Popularly known as Wesnoth, ‘The Battle of Wesnoth’ is a great example of an immersive game on the Linux platform. A TBS (turn based strategy) war game play on a hex map, it simply makes up for astounding looks with some powerful and captivating game-play. Players are required to build a strong army to control villages and defeat enemies to garner points or experiences. It is developed for single-players as well as multiplayer matches.
David White first developed this Artificial Intelligence-based game in June 2003. The story and general rules are based on similar games, such as Master of Monsters and Sega Genesis for open source gaming platform.
OS for Wesnoth
It is multi-platform game, which is easy to install on Windows to MacOSX and open source platform such as FreeBSD, Open BSD, NetBSD and now historic BeOS. It is available for installation from the Ubuntu Software Center/Synaptic Package Manager. Fedora repositories come with the latest version 1.9.9, which was released on September 7, 2011 along with stable version 1.8.6 released in May 2011.
The Game has a Simple Design
The reason for Wesnoth’s captivating game play is due to the simplistic design. The entire premise of the game is to build an army with multiple capabilities; use characters such as ‘elves’ in their native terrains; adopt various attacks using weapons as varied as blades to fire in a day-night cycle, which is very straight forward unlike the DirectX 11 genre. Campaigns can move to higher levels and gain greater power.
The randomness and uncertainty of the game is what captivates players.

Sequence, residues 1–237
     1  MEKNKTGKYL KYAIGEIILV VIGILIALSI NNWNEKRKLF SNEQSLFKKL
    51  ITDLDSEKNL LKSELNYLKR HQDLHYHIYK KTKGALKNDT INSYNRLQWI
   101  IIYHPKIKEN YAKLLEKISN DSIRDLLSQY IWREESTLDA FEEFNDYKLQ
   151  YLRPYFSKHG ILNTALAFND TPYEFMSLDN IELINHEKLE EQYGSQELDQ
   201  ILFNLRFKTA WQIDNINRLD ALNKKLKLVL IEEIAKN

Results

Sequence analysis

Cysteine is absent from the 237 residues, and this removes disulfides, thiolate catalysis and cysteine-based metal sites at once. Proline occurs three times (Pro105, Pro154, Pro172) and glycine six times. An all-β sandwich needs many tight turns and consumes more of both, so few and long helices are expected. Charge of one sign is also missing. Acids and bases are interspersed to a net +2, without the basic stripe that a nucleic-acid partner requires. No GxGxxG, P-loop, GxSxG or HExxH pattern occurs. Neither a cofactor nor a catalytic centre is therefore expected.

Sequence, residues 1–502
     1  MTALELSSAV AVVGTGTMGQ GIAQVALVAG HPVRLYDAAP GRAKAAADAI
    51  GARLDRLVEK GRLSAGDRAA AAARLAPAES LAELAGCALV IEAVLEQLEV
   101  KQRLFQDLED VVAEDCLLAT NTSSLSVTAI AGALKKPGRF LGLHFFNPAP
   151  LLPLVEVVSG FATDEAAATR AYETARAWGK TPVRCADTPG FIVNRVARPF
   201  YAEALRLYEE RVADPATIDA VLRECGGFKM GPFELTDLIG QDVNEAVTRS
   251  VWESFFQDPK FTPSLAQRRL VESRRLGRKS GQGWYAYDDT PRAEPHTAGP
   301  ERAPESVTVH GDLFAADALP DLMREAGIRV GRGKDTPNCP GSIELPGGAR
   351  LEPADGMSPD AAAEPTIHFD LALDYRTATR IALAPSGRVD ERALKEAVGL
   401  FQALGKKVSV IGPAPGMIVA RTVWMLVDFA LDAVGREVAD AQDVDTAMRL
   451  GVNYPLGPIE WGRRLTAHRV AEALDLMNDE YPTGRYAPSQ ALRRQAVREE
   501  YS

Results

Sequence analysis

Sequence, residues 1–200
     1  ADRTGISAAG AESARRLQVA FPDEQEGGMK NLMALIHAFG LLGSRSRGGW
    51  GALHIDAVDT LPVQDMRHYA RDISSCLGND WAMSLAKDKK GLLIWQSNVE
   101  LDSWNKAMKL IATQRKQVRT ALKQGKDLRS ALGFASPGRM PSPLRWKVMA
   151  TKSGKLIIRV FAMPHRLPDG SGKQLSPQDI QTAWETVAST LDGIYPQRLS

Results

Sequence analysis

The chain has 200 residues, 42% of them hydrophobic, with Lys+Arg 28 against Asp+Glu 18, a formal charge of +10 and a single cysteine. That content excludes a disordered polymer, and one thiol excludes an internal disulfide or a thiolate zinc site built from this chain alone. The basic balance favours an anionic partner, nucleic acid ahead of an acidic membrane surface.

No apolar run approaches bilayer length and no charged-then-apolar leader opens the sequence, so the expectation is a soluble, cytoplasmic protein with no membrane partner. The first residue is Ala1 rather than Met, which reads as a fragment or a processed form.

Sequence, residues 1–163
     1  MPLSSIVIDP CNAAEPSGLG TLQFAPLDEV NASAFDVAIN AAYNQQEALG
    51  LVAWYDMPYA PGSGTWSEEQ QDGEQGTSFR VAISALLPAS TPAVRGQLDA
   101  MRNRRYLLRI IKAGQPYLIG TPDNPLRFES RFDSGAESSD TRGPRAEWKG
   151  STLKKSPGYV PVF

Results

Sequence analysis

Wesonth is great because
Wesnoth being an open source game derives its content from the community as opposed to proprietary games. This increases the scope for newer campaigns, new unit types or even artwork for the growing storyline. Therefore, official campaigns and units are included with the game download and licensed under GNU GPL like the main part of the game.
As with all popular open source distros, Wesonth every feature has a well-structured and talented team. Thus, the art work team for the game is lead by Fracisco Munoz, with specialist director Richard Kettering while the terrain art is directed by Hogne Håskjold.
Developed in C++, Wesnoth has its own map editor, for open maps, random map generation. Additionally it also supports in-game terrains. It also has a standard text editor as well called as the Wesnoth Markup Lanugage, which works wonderfully for modifying the game. Lua, can be embedded version 1.7.14 onwards for alternate AI implementation.
As a TBS-fan, your Battle of Wesnoth must have already begun. The game gives true insight to free software and as you continue to battle will appreciate open source software capabilities.